Our reflection last Sunday on Women and Men offers a metaphor for issues about people of different faiths in partnership. The Dreamtime story of Genesis 1 reminds us that people of all cultures and faiths are made ‘in the image of God’. All share the divine potential to shape life and the world, to communicate powerfully, to shed light and to be fruitful. All must use our moral knowledge of good and evil.
So - can we just coexist? Does it matter what religion one belongs to? The church has always answered: Yes. “No one comes to the Father but by me” (Jn 14:6); “there is no other name by which we must be saved” (Acts 4:12). But may we interpret these texts less exclusively? The first follows Jesus’ words: “I am the Way the Truth and the Life” Will non-Christians who follow the Way of Jesus find salvation with us?
Does the context make a difference? The texts reflect a dominant NT theme that we sinners need to be saved from divine judgement. But we follow the Way because we are moved by divine love and forgiveness in the life and teaching of Jesus, and to live a fruitful and meaningful life. Future judgement is not on our radar. We feel at one with people of all faiths who live life in the presence of universal divine love.
The Way of Jesus is for me the life of the kingdom of God portrayed in the parables. This kingdom is never sectarian or dependent on the language and outlook of one culture or one age. But it represents the difference between a god-fearing life and the pure materialism of even the good people around us. It is a vision of universal human. community.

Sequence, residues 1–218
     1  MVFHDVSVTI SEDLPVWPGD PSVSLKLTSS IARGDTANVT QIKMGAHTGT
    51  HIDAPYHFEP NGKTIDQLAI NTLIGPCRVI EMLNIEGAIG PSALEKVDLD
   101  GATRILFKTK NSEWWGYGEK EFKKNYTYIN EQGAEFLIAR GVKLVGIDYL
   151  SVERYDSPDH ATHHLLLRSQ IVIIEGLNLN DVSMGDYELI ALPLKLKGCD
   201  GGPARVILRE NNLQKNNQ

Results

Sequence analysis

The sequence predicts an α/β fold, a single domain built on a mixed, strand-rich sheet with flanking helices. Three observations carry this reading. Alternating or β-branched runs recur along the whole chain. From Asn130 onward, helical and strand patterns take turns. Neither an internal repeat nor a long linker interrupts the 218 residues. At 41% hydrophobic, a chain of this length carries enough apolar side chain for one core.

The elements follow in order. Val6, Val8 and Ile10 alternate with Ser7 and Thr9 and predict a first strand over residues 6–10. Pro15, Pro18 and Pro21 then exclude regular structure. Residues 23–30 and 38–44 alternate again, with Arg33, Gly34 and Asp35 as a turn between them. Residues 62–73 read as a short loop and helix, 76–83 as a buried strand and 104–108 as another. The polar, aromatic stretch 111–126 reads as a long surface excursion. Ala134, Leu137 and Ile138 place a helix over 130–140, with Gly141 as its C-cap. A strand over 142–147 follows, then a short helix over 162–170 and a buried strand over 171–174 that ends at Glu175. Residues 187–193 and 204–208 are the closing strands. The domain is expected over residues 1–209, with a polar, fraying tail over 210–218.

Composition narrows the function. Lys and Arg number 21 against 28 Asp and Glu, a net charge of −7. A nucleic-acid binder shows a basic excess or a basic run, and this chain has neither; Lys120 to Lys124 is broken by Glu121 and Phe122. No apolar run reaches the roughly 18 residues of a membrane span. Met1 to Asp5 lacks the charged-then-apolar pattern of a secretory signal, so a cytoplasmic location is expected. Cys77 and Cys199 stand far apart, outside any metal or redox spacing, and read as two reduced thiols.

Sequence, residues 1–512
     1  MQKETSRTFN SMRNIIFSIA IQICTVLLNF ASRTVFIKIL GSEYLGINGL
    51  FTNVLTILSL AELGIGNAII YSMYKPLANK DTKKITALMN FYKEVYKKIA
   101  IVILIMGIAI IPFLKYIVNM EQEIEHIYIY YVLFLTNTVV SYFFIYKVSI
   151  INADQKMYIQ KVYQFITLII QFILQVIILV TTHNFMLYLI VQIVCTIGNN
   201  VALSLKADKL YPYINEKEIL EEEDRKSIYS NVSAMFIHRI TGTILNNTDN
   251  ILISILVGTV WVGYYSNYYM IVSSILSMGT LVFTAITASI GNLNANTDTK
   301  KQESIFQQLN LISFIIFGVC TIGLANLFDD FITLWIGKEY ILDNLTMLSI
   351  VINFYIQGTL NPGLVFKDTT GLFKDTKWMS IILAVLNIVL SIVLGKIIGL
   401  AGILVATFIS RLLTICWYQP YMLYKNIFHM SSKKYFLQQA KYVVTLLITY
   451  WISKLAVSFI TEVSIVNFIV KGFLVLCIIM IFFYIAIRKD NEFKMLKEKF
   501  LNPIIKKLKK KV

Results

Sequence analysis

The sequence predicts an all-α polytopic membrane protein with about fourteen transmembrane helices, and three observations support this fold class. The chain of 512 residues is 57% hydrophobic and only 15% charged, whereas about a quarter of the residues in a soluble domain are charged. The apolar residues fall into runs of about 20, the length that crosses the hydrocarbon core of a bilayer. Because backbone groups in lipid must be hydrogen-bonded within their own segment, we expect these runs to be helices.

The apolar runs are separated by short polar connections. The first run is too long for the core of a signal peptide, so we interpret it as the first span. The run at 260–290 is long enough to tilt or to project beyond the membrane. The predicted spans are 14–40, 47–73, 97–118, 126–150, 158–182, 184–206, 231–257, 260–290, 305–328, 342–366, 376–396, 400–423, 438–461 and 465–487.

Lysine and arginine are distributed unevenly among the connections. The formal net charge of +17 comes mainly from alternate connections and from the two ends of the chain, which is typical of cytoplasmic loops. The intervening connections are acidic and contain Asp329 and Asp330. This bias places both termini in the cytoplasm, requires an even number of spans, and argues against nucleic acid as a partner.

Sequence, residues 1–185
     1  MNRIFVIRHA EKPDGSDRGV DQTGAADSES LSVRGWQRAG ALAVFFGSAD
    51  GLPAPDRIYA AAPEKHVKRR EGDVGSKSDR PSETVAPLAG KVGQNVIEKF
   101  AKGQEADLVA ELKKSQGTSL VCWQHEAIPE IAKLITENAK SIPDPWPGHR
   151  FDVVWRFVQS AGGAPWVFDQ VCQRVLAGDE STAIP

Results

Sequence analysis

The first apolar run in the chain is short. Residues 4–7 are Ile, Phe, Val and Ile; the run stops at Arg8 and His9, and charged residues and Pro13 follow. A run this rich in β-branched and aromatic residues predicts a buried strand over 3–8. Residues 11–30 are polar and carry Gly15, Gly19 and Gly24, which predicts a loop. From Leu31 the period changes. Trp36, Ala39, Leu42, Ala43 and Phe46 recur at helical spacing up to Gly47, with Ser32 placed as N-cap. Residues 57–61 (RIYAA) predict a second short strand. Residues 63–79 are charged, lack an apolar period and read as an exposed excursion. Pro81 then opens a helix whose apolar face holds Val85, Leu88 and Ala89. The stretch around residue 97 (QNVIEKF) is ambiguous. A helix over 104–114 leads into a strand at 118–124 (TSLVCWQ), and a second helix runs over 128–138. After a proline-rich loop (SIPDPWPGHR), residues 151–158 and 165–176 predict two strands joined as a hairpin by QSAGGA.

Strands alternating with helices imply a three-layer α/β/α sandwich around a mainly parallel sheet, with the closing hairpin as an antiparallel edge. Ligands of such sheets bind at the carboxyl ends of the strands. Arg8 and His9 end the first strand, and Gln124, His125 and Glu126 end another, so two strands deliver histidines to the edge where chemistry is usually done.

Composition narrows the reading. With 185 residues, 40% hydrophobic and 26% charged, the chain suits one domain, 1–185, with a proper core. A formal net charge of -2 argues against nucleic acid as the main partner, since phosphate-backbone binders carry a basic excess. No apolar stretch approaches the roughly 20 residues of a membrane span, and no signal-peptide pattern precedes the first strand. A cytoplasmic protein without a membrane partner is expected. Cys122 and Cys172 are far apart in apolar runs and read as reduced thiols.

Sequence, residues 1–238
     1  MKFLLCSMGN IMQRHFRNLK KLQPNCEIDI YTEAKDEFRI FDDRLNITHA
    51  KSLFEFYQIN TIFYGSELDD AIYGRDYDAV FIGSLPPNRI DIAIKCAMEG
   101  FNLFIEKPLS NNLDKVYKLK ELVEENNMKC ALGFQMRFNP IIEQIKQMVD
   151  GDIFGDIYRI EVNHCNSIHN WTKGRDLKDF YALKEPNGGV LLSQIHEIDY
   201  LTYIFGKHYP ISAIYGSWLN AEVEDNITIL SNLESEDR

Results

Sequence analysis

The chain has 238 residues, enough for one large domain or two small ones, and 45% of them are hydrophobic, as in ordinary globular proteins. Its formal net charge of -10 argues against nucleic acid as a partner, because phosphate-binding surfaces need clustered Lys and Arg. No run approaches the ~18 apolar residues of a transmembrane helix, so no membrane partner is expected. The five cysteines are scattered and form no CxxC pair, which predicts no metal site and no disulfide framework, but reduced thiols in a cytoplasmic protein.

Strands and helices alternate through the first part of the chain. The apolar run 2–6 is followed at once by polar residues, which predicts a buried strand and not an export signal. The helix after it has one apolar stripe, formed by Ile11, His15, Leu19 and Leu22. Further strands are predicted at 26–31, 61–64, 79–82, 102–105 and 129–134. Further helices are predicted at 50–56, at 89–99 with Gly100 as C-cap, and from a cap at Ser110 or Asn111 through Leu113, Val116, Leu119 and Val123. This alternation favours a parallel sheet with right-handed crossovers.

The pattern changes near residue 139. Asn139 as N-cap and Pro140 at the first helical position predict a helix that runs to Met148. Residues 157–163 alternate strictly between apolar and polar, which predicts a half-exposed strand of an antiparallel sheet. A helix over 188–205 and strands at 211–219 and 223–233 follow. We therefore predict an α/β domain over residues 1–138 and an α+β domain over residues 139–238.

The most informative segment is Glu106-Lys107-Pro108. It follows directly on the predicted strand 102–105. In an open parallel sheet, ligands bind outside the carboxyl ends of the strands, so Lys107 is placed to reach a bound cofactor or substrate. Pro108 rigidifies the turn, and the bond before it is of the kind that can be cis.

It is important to realise that throughout the Bible, exclusive and inclusive viewpoints are woven together. Most striking in the Torah are references to the Moabites, Israel’s neighbours and cousins, who were excluded from Temple worship for generations. But in the story of Ruth, a Moabite, they are honoured as David’s ancestors.
In the early church, Peter is wedged between his Jerusalem mates and Paul about accepting Gentiles into the Jesus fold. Finally he declares in words we might use: “God shows no partiality, but in every nation anyone who fears him and does what is right is acceptable to him”. Paul describes Gentiles as grafted on to the Jewish vine, thus affirming continuity and condemning sustained Christian prejudice against Jews.
I have often been challenged by the spiritual and ethical character of friends of other faiths, and no faith, who share a common commitment to reconciliation and justice. I conclude with Peter that our different theological formulations are of little consequence.
Oneness in God transcends particular dogma. Through Interfaith fellowship together we honour the spiritual in all life and turn from merely selfish living. Our cooperation is a beacon of hope for a divided world, and a very necessary one.